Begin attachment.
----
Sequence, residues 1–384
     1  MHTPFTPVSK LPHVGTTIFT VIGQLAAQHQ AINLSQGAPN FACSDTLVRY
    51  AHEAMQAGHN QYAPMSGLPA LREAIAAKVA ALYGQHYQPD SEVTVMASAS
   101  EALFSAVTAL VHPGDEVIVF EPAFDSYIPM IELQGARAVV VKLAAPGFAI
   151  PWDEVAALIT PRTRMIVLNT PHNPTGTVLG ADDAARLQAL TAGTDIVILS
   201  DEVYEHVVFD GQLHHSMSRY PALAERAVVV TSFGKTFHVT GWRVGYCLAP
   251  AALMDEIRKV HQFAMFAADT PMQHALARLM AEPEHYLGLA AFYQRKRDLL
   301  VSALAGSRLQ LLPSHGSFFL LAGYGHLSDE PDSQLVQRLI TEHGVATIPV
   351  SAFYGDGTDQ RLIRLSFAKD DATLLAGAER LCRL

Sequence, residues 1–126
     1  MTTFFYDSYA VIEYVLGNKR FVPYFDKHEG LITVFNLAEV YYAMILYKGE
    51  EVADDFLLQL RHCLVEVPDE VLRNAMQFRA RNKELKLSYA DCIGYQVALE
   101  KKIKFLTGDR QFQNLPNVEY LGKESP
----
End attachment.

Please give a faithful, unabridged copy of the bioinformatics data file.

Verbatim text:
Sequence, residues 1–384
     1  MHTPFTPVSK LPHVGTTIFT VIGQLAAQHQ AINLSQGAPN FACSDTLVRY
    51  AHEAMQAGHN QYAPMSGLPA LREAIAAKVA ALYGQHYQPD SEVTVMASAS
   101  EALFSAVTAL VHPGDEVIVF EPAFDSYIPM IELQGARAVV VKLAAPGFAI
   151  PWDEVAALIT PRTRMIVLNT PHNPTGTVLG ADDAARLQAL TAGTDIVILS
   201  DEVYEHVVFD GQLHHSMSRY PALAERAVVV TSFGKTFHVT GWRVGYCLAP
   251  AALMDEIRKV HQFAMFAADT PMQHALARLM AEPEHYLGLA AFYQRKRDLL
   301  VSALAGSRLQ LLPSHGSFFL LAGYGHLSDE PDSQLVQRLI TEHGVATIPV
   351  SAFYGDGTDQ RLIRLSFAKD DATLLAGAER LCRL

Sequence, residues 1–126
     1  MTTFFYDSYA VIEYVLGNKR FVPYFDKHEG LITVFNLAEV YYAMILYKGE
    51  EVADDFLLQL RHCLVEVPDE VLRNAMQFRA RNKELKLSYA DCIGYQVALE
   101  KKIKFLTGDR QFQNLPNVEY LGKESP